The previous round of EU energy market legislation, known as the third energy package, was aimed at improving the functioning of the internal energy market and resolving certain structural problems. Proposed in September 2007, it was formally agreed in July 2009 and entered into force in September 2009. It covers the following five areas:
Unbundling is the separation of energy supply and generation from the operation of transmission networks. If a single company operates a transmission network and generates or sells energy at the same time, it may have an incentive to obstruct competitors' access to infrastructure. This prevents fair competition in the market and can lead to higher prices for consumers.
Under the third package, unbundling must take place in one of three ways, depending on the preferences of individual EU countries:
- Ownership Unbundling: all integrated energy companies sell off their gas and electricity networks. In this case, no supply or production company is allowed to hold a majority share or interfere in the work of a transmission system operator
- Independent System Operator: energy supply companies may still formally own gas or electricity transmission networks but must leave the entire operation, maintenance, and investment in the grid to an independent company
- Independent Transmission System Operator: energy supply companies may still own and operate gas or electricity networks but must do so through a subsidiary. All important decisions must be taken independent of the parent company.
The European Commission publishes guidance documents which explain how these unbundling models should be applied.
Operators that comply with the unbundling rules can apply for certification with their national energy regulator. Every operator in Europe must be certified and the Commission provides its opinion on the certification procedure. These opinions are published by the Commission, and regularly updated:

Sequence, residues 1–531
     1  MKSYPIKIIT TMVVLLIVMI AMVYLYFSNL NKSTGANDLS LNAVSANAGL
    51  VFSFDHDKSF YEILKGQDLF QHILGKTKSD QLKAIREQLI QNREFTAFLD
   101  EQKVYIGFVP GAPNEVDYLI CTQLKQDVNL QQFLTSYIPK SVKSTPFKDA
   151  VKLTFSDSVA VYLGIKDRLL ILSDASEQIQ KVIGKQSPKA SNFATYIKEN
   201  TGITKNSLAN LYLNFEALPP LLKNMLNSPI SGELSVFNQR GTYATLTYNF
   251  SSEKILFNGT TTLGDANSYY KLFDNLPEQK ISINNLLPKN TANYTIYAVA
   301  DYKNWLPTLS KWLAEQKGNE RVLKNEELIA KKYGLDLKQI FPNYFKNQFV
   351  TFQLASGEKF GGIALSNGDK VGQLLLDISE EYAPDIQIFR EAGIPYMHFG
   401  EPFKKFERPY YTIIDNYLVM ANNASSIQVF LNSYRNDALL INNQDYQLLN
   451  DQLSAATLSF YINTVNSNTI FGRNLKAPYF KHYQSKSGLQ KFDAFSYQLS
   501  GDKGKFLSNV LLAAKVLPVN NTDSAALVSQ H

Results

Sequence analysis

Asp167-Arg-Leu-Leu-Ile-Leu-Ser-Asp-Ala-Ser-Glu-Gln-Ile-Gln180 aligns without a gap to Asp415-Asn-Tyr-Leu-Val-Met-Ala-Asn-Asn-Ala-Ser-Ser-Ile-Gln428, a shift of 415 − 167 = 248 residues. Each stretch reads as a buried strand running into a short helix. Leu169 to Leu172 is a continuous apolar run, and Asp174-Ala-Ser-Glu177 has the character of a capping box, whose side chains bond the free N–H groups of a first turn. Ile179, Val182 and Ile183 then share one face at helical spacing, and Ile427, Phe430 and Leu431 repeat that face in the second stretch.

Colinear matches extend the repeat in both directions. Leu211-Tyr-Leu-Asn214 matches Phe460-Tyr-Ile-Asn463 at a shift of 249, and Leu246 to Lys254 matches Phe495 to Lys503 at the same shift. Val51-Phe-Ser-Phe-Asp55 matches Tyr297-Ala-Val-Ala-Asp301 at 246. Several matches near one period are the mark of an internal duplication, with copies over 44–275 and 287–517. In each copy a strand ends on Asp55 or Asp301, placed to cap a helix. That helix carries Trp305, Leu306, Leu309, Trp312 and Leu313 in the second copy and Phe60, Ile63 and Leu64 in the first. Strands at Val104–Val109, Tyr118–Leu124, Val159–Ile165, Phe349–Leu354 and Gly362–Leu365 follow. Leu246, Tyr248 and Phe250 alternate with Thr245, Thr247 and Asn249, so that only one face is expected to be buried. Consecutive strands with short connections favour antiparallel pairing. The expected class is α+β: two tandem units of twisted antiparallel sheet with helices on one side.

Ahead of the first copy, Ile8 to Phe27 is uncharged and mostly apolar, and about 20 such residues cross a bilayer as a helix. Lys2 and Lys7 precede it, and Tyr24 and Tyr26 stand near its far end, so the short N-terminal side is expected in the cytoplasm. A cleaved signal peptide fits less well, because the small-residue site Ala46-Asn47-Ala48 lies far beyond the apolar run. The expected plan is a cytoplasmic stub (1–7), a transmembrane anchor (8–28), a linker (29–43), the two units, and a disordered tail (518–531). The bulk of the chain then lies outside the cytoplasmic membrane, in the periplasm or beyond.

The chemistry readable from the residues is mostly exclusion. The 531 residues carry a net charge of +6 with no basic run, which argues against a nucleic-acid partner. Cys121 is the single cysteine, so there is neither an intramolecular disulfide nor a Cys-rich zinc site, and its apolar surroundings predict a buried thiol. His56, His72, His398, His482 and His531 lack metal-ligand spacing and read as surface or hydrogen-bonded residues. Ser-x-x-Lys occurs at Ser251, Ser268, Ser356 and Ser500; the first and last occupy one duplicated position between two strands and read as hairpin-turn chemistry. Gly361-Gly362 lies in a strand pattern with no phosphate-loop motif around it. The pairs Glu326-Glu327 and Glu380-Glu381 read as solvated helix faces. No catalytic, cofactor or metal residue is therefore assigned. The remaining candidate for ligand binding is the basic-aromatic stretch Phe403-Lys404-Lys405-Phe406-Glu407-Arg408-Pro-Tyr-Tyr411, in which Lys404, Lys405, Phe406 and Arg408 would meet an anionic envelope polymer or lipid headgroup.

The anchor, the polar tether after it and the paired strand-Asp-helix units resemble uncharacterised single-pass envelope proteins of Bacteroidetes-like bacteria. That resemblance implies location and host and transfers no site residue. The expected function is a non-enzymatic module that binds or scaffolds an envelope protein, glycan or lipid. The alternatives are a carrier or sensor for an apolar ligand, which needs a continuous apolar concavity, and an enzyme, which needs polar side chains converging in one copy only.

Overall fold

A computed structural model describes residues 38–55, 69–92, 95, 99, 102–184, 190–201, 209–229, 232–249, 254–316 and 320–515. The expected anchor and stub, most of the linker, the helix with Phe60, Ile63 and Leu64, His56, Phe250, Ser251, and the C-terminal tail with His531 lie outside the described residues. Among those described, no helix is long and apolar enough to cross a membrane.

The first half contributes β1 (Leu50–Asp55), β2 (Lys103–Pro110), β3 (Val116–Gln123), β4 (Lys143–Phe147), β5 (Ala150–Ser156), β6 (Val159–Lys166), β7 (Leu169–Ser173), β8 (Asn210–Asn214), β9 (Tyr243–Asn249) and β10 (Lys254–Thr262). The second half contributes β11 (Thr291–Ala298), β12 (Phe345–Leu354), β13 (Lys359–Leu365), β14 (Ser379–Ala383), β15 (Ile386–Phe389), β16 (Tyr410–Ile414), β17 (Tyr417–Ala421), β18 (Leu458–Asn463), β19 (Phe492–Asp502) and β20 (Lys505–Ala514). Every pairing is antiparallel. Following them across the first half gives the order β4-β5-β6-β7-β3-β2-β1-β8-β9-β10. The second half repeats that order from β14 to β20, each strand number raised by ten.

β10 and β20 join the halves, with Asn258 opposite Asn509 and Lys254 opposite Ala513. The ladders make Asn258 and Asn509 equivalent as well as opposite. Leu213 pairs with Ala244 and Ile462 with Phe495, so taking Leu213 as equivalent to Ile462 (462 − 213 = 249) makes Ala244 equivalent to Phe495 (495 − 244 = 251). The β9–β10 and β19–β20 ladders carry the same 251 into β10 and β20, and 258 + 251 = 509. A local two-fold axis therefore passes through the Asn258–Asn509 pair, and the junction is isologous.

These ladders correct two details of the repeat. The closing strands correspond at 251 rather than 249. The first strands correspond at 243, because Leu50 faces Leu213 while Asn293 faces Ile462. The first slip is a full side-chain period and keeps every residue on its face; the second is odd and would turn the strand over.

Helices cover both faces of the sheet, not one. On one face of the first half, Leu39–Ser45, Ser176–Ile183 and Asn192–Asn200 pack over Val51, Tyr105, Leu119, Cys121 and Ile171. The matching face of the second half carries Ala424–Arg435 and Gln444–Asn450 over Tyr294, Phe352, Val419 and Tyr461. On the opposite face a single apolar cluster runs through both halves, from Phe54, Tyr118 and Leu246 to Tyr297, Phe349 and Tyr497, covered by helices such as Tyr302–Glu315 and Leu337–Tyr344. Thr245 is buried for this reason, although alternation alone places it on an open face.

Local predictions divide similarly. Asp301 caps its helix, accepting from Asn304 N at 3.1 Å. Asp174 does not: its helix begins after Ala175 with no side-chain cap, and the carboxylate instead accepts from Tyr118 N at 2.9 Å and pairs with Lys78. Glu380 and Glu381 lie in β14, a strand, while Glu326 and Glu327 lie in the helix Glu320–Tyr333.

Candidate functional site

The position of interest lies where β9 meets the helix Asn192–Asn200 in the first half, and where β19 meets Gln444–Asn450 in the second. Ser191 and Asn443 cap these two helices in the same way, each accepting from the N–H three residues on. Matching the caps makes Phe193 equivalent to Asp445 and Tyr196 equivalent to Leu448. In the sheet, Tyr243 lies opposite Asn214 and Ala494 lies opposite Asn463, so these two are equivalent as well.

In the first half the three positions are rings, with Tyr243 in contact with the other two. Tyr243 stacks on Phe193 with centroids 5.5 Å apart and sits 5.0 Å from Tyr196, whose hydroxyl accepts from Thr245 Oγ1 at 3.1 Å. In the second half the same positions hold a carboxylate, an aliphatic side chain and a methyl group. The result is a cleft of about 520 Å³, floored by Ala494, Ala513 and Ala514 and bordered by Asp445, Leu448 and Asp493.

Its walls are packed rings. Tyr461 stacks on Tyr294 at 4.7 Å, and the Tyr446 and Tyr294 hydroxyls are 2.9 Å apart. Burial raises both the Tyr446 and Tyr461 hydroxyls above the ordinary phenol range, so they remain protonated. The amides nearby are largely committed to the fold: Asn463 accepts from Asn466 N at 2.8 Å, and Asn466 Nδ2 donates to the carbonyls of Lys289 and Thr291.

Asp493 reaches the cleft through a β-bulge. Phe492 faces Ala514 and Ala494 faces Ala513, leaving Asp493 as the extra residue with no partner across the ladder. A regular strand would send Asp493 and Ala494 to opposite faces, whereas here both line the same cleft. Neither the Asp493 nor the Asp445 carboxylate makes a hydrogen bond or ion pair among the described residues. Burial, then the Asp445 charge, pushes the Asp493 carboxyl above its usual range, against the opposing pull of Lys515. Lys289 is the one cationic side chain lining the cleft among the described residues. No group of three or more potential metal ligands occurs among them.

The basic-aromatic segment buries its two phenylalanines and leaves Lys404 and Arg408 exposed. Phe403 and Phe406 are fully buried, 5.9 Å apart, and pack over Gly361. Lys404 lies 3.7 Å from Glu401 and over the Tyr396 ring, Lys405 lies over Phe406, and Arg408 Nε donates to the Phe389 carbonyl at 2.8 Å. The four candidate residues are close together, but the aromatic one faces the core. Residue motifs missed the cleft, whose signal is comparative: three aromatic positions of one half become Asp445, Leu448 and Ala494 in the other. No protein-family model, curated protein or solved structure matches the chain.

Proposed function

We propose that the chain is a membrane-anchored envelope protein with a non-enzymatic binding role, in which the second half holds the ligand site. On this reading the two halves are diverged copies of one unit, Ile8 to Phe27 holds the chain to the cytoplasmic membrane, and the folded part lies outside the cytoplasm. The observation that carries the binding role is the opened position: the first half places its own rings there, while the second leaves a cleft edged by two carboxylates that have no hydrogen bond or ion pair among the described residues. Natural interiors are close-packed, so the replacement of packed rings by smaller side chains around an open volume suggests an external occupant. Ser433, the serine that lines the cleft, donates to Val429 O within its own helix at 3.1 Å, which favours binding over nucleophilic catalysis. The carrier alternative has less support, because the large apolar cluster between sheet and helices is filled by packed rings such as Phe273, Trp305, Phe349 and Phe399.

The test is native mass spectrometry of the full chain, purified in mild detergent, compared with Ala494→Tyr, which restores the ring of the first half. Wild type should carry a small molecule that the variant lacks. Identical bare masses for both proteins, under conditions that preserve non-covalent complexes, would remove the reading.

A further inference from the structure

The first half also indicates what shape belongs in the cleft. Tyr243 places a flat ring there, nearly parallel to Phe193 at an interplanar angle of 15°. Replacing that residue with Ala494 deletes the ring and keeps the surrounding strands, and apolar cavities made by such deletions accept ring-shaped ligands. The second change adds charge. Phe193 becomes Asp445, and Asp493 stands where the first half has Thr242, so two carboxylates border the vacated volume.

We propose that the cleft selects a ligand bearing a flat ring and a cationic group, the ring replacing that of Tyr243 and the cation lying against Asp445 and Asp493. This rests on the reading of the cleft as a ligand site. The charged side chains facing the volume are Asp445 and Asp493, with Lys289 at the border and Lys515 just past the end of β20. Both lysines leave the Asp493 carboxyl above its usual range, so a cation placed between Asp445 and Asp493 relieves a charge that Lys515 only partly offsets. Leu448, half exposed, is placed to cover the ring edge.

A competitive internal energy market cannot exist without independent regulators who ensure the application of the rules. Under the third package, the requirements for national regulators have undergone a number of changes. Specifically:
- regulators must be independent from both industry interests and government. They must be their own legal entity and have authority over their own budget. National governments must also supply them with sufficient resources to carry out their operations
- regulators can issue binding decisions to companies and impose penalties on those that do not comply with their legal obligations
- electricity generators, gas network operators, and energy suppliers are required to provide accurate data to regulators
- regulators from different EU countries must cooperate with each other to promote competition, the opening-up of the market, and an efficient and secure energy network system.
Agency for the Cooperation of Energy Regulators
In order to help the different national regulators cooperate and ensure the smooth functioning of the internal energy market, the EU established the Agency for the Cooperation of Energy Regulators (ACER). ACER is independent from the Commission, national governments, and energy companies. Its work involves:
- drafting guidelines for the operation of cross-border gas pipelines and electricity networks
- reviewing the implementation of EU-wide network development plans
- deciding on cross-border issues if national regulators cannot agree or if they ask it to intervene
- monitoring the functioning of the internal market including retail prices, network access for electricity produced from renewables, and consumer rights.
National transmission system operators are responsible for ensuring electricity and natural gas is effectively transported through pipelines and grids.
Due to the cross-border nature of Europe's energy market, they must work together to ensure the optimal management of EU networks. This is done through the European Network for Transmission System Operators for Electricity (ENTSO-E) and the European Network for Transmission System Operators for Gas (ENTSOG).
These organisations develop standards and draft network codes to help harmonise the flow of electricity and gas across different transmission systems and they coordinate the planning of new network investments and monitor the development of new transmission capabilities. This includes publishing a Europe-wide 10-year investment plan to help identify investment gaps every two years.
Open and fair retail markets
The third package includes rules designed to benefit European energy consumers and protect their rights. They include the right to choose or change suppliers without extra charges, receive information on energy consumption, and quickly and cheaply resolve disputes.
More about energy consumer rights.